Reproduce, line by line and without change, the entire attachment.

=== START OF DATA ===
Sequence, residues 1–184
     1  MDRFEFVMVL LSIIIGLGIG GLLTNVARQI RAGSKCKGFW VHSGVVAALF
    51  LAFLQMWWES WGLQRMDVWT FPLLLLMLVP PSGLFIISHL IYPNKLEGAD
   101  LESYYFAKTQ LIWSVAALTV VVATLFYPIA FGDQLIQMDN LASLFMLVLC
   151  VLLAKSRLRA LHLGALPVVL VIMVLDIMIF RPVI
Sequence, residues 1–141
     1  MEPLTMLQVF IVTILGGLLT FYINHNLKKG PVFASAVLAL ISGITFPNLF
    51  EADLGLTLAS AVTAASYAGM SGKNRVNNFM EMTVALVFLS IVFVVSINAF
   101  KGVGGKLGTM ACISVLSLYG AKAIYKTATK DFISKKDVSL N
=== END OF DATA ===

Sequence, residues 1–184
     1  MDRFEFVMVL LSIIIGLGIG GLLTNVARQI RAGSKCKGFW VHSGVVAALF
    51  LAFLQMWWES WGLQRMDVWT FPLLLLMLVP PSGLFIISHL IYPNKLEGAD
   101  LESYYFAKTQ LIWSVAALTV VVATLFYPIA FGDQLIQMDN LASLFMLVLC
   151  VLLAKSRLRA LHLGALPVVL VIMVLDIMIF RPVI
Sequence, residues 1–141
     1  MEPLTMLQVF IVTILGGLLT FYINHNLKKG PVFASAVLAL ISGITFPNLF
    51  EADLGLTLAS AVTAASYAGM SGKNRVNNFM EMTVALVFLS IVFVVSINAF
   101  KGVGGKLGTM ACISVLSLYG AKAIYKTATK DFISKKDVSL N